Noise and vibration are factors affecting the marketability of automobiles. It is required for the drivetain design not to transmit unpleasant noise and vibration to the passengers when driving. As for continuous variable transmission (CVT), noise that is considered to be generated from the metal pushing V-belt has been studied. A research project on this matter reported an estimated mechanism that attributes the noise to self-inducing vibration between the metal pushing V-belt and the pulleys. The self-induced vibration occurs when dynamic friction characteristics exhibit a negative gradient in relation to the sliding speed. However, the effect of the gradient on frequency spectrum of the noise has not been quantitatively elucidated in a consistent manner.

In this research, noise at the vehicle start-up phase was studied based on the already reported prediction technology for metal pushing V-belt behavior. In other words, this study focuses on the effect of the friction characteristic gradient between the metal pushing V-belt and the pulleys on each element’s behavior and frequency components of belt pushing force.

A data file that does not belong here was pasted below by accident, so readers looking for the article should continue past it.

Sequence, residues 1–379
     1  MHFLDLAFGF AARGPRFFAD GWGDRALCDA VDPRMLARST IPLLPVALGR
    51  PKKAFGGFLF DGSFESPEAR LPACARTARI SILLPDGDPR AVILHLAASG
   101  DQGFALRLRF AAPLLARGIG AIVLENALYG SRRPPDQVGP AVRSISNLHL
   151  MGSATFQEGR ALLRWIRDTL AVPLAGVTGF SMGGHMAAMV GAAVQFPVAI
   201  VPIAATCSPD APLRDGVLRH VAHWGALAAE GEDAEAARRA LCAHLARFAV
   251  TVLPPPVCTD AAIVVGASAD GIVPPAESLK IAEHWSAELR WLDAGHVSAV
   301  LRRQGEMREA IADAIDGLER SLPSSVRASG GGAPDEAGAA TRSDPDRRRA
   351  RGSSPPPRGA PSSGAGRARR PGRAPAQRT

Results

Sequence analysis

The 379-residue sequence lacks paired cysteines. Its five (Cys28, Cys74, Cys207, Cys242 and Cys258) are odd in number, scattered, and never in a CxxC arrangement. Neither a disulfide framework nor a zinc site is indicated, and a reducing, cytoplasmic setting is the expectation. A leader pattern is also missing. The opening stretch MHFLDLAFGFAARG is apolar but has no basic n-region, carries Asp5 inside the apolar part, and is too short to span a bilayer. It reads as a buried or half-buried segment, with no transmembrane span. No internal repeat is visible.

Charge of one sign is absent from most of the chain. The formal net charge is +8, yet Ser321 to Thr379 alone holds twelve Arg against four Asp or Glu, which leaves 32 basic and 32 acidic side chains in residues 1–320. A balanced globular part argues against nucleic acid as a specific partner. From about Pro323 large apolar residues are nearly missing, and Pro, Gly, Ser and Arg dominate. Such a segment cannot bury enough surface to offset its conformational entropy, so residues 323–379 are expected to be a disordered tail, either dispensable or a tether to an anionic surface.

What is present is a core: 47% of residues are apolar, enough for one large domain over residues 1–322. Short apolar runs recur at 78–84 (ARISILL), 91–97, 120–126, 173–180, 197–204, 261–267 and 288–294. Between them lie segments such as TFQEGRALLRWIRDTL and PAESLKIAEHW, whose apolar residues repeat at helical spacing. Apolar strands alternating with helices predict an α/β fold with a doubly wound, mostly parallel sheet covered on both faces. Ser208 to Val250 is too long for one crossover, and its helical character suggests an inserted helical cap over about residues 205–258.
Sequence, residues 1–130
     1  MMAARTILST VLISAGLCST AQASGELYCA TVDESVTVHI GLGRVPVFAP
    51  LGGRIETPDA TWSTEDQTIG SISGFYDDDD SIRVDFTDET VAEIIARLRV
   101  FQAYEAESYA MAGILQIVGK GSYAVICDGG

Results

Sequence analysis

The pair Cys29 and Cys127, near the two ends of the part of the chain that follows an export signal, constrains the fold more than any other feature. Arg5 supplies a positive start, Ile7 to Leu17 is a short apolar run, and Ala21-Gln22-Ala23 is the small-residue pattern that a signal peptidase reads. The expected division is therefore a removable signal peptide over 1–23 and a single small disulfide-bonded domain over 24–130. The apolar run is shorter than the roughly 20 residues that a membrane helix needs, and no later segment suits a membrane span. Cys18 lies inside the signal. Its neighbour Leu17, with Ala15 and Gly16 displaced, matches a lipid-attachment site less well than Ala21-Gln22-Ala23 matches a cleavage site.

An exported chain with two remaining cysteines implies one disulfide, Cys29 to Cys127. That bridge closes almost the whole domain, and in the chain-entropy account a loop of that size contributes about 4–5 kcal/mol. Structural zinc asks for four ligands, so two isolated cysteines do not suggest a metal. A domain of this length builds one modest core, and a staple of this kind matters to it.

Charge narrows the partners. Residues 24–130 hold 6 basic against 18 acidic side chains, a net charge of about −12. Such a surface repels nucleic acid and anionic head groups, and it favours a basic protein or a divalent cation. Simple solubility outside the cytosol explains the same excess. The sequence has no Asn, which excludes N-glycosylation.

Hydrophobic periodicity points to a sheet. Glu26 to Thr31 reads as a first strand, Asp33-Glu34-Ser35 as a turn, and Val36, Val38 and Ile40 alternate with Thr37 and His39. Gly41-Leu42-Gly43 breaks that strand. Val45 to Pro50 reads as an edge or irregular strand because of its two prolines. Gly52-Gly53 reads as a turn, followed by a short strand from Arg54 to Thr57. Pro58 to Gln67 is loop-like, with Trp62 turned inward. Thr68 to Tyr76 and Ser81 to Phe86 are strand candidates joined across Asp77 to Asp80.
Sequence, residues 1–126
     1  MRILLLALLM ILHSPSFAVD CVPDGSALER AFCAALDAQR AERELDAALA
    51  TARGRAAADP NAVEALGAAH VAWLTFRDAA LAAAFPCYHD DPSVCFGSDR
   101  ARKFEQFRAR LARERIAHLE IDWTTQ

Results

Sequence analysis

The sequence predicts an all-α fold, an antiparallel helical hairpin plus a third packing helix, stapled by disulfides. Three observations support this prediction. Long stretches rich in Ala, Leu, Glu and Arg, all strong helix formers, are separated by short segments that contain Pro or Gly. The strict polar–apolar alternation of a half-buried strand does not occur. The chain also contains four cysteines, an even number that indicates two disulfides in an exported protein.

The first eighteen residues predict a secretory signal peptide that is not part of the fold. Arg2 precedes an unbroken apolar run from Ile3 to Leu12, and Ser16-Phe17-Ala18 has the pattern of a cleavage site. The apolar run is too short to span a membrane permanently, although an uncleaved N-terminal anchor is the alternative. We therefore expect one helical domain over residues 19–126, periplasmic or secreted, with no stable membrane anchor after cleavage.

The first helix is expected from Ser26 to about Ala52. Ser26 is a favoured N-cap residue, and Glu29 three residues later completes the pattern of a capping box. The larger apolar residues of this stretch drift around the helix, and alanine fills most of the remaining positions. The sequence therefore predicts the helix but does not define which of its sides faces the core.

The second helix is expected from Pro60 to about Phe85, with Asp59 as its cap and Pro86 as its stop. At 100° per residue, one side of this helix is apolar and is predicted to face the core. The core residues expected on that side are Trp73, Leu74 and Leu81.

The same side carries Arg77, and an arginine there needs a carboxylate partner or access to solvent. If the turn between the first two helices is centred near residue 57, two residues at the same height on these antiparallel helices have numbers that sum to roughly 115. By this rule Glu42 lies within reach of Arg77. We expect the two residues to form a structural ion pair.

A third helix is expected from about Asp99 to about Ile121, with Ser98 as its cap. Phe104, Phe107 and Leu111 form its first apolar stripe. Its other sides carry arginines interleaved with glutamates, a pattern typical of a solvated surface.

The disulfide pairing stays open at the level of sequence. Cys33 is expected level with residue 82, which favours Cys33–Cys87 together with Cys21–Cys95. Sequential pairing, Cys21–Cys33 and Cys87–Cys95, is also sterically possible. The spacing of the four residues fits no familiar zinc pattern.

The results revealed that self-induced vibration on the element V-surface at the exit of the drive pulley excites high-order string vibration at the belt string, generating noise via the transmission case. In addition, it was also found that acoustic energy that excites the high-order string noise is affected by the change in belt pitch diameter at the exit of the pulley, and this determines the magnitude of frequency spectrum of the noise.

It was concluded from the above findings that the change in the pitch diameter can be suppressed by narrowing the radial clearance between the shaft and the movable pulley and this measure is effective in reducing noise.

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